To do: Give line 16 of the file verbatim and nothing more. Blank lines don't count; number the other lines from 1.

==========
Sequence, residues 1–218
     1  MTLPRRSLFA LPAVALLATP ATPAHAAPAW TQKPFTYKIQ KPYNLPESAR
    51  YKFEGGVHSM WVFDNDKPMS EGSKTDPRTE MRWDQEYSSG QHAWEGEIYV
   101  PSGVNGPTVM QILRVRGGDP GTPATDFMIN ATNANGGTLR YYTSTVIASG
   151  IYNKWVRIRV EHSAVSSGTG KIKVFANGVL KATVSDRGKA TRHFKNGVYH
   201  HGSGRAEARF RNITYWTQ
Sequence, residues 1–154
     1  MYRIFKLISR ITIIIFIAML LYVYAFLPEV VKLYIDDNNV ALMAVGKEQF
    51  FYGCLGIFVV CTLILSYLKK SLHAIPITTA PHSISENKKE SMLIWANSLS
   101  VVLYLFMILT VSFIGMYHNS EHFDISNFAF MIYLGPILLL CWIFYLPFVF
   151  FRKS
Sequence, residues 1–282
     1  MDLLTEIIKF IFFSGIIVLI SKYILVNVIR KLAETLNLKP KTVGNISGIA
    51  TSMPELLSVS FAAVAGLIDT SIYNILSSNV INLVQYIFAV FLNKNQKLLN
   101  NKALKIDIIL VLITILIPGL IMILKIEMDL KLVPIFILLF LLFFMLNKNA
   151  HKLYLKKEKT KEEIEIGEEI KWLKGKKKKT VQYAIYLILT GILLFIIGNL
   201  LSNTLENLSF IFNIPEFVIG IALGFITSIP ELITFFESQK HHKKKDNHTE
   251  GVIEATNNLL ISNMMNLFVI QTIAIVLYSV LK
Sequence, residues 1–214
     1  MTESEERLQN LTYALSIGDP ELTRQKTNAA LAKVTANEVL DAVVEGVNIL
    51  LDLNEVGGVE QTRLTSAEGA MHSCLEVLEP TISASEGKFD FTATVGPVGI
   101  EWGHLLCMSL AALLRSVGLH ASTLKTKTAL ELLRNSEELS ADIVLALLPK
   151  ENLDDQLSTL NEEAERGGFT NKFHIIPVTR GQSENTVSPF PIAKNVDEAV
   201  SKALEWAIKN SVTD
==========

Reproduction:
   151  HKLYLKKEKT KEEIEIGEEI KWLKGKKKKT VQYAIYLILT GILLFIIGNL